I have written a number of articles over the years about credit card safety. Links to some of my earlier articles are available at the end of this article.
I have always stated that the safest form of payment, especially for payments online, is a credit card. Despite the myths that still float around, credit cards are the safest form of online and offline payment. In fact, stealing credit card numbers on the web is very difficult. It is far easier to steal credit card numbers in person at stores, restaurants, gas stations, beauty shops, and other local business establishments. Security experts report that credit card theft is far more common in person than it is online. Of course, stealing checking account numbers is even easier.
I have written that credit card use on the web is fully insured and that many banks insure credit card usage in person and via mail order as well. If someone does use your card fraudulently, you simply call the credit card company, and they quickly delete the charges. You never pay a dime for fraudulent charges.
Sending checks through the mail is even more risky. Tens of thousands of checks get stolen from the postal service each month. If your check is stolen, you probably will lose the money from your checking account. Very few banks insure their customers' checking accounts. I rarely write checks; I pay almost all my bills online.
You can imagine my surprise today when I opened a newly-received credit card bill. The statement listed six ATM withdrawals that I did not recognize. All were made on the same day, and all withdrawals were made at a single ATM about 500 miles from my home. In addition, each withdrawal had extra fees assessed by the credit card company for use of a "foreign" network. In this case, "foreign" is not referring to international use. It simply means that the ATM used was on a different ATM network from the one used by the credit card company.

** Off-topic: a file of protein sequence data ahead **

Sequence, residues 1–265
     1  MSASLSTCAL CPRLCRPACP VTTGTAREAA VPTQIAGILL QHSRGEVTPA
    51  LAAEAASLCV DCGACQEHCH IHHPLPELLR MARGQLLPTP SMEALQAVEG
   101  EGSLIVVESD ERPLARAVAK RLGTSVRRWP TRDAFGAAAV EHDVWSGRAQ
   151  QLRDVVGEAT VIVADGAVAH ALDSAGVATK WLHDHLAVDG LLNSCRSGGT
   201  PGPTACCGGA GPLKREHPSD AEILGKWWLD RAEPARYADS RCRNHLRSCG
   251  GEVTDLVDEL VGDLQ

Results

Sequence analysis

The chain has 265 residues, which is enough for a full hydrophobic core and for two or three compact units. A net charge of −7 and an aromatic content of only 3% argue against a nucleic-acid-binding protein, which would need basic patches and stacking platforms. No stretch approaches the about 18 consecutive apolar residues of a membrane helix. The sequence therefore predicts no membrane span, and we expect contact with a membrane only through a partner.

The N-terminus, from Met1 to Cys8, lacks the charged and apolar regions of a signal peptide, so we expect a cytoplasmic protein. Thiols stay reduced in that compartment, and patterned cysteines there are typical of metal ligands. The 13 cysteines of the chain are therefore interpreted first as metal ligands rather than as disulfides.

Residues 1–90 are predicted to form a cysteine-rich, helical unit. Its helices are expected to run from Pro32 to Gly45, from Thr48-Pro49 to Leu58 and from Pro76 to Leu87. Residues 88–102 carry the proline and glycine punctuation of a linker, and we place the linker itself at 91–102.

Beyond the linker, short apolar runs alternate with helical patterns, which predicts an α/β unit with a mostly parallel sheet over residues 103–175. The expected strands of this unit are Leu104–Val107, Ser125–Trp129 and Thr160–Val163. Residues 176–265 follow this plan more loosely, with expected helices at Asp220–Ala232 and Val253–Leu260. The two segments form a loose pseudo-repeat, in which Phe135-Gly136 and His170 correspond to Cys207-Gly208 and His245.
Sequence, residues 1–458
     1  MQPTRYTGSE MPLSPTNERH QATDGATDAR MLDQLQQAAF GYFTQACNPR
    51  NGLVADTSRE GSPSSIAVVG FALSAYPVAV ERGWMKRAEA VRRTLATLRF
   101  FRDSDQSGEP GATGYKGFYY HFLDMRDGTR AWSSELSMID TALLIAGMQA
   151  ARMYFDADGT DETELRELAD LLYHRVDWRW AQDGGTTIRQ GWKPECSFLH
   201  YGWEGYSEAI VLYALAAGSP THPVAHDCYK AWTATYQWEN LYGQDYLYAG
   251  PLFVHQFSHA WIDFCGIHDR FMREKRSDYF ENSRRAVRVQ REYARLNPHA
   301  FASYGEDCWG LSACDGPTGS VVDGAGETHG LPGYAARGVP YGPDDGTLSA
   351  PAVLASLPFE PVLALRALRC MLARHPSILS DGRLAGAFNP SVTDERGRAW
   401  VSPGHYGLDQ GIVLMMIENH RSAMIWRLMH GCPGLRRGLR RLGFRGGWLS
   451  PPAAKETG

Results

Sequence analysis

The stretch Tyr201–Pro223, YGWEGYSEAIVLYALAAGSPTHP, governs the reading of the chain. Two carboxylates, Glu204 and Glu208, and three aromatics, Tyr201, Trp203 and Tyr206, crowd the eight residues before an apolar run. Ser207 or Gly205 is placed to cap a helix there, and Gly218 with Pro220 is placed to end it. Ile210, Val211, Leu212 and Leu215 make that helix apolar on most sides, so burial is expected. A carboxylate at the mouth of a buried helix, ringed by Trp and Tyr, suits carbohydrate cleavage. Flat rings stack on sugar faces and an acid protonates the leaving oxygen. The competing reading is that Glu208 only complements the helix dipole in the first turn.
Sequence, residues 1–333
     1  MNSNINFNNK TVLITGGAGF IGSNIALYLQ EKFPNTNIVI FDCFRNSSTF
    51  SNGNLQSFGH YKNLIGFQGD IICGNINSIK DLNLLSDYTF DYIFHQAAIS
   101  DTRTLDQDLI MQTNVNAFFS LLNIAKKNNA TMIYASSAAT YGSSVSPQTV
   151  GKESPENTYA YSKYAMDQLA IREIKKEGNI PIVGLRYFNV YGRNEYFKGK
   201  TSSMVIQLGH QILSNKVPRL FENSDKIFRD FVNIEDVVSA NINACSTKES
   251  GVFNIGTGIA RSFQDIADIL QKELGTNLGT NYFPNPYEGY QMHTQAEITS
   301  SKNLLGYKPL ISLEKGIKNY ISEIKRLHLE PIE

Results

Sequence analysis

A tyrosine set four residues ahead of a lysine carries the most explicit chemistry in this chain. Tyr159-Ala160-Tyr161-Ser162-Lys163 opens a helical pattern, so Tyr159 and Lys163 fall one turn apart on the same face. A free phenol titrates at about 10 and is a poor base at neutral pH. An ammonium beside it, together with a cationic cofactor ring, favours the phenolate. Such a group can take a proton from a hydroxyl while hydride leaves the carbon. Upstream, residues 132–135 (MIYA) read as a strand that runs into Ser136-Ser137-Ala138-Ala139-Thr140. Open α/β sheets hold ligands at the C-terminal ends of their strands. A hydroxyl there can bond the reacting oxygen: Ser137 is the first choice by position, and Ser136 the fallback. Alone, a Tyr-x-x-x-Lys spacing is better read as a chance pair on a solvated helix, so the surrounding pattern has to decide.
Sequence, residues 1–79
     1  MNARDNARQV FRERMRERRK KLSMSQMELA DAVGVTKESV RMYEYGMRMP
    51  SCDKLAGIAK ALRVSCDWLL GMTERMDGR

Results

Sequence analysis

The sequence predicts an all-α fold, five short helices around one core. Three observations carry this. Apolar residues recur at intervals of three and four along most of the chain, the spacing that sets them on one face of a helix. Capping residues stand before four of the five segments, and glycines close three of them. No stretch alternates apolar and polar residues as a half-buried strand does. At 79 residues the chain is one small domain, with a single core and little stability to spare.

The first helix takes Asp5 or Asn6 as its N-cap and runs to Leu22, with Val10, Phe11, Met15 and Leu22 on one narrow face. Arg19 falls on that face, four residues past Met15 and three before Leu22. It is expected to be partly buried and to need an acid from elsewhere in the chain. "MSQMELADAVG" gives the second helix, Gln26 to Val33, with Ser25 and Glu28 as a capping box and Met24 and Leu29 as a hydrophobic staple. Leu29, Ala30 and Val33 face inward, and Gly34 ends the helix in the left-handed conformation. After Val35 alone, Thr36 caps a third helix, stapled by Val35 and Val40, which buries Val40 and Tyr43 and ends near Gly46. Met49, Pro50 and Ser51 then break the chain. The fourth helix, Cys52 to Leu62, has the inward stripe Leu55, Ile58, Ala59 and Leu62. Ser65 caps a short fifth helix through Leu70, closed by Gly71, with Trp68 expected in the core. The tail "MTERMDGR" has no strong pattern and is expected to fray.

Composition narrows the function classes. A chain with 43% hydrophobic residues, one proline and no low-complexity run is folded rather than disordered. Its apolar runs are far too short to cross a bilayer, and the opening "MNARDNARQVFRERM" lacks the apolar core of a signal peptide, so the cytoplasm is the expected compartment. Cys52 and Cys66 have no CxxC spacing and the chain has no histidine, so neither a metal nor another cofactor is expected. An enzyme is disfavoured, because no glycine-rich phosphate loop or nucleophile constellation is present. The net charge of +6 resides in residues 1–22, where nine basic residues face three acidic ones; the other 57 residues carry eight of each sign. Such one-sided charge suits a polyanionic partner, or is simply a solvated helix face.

The fraudulent charges totaled $660.00.
Of course, I immediately called the credit card company at the 1-800 number listed on the bill. After a two or three minute conversation, the lady on the other end of the phone said that she would credit the $660. That includes both the withdrawals and the added fees. She also stated that she would cancel my present card immediately and would send me a replacement card that has a different number. She said I should receive the new card within 48 hours.
The same lady also offered to help me get a cash advance at any bank in the U.S. immediately, should I need one. I declined that offer.
In short, I am pleased that what I wrote earlier is now proven to be true. Indeed, all credit card charges are fully insured. In fact, this incident didn't cost me a cent. It did cost me about five minutes on the phone after dialing a toll-free number. I was surprised at how brief the call was. I was not asked for any extra proof or documentation. I consider that one phone call to be a minor inconvenience.
As to where the credit card number was stolen: I have no proof. However, it is interesting to note that I don't use this particular credit card very often but did use it to make a purchase in a local department store last month. The fraudulent charges were made the following day in an ATM machine 500 miles away. I suspect that a dishonest store employee copied my credit card number during my in-person use of the card, then sent the numbers to cohorts in another state for their use.
Today's experience verified the safety of credit cards for me, and I am more determined now than ever to use a credit card for all online and offline transactions. My faith in the process has been affirmed. I hope to avoid personal checks wherever possible.